Eighteen-year-old man with a history of symptomatic atrial fibrillation (AF) and subtle signs of ventricular pre-excitation on his ECG was referred for electrophysiology testing. During sinus rhythm, earliest onset of ventricular activation was located at the His-bundle catheter, which was positioned proximally, to avoid the right bundle potential (AH 62 ms, HV 26 ms). Retrograde conduction was decremental and concentric in nature. At first glance, those findings suggested the presence of an anteroseptal accessory pathway (AP). However, the HV interval remained short and fixed even when cardiac stimulation was initiated from different atrial locations, incrementally, and with different AH values; AF, provoked by atrial stimulation, also did not alter the short HV value, or the pre-excited QRS morphology. Circus movement tachycardia was not observed. Flecainide was administered intravenously to terminate his AF, and his heart rhythm, HV values, and QRS complexes normalised in response to this.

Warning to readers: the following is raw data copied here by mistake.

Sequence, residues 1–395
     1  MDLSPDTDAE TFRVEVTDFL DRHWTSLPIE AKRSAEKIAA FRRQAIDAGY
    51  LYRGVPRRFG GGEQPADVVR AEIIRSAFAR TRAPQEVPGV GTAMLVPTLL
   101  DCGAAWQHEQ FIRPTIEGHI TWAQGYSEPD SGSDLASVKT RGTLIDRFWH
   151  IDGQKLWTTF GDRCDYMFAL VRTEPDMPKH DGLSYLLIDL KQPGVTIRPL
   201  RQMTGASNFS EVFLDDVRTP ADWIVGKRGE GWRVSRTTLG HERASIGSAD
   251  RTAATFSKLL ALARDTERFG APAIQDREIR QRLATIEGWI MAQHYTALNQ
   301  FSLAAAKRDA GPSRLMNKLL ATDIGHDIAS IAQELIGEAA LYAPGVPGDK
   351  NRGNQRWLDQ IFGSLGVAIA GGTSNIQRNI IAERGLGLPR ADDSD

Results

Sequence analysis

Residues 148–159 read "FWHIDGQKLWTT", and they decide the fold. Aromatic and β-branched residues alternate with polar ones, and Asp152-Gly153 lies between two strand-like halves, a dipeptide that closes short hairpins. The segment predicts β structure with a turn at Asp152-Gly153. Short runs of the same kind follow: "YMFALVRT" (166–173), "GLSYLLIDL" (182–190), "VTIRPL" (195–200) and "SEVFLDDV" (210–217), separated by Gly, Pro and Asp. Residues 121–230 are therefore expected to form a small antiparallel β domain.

The data obtained confirmed that patient had inducible AF and a bystander AP, the latter being fasciculoventricular (FV) in origin. A nodo-ventricular AP was not ruled out by the study but was statistically unlikely; this type of AP might also have produced further shortening of the HV interval during significant AH delays (a finding not observed intra-procedurally).
Bypass tracts arise from the His bundle or proximal fascicles and are completely infra-nodal. They are uncommon, do not participate actively in re-entrant circuits, and are not arrhythmogenic. Recognition is important, as ablation is unnecessary, and might be harmful if attempted, the tract being close to the His bundle. The patient was reassured and opted to continue conservative AF management.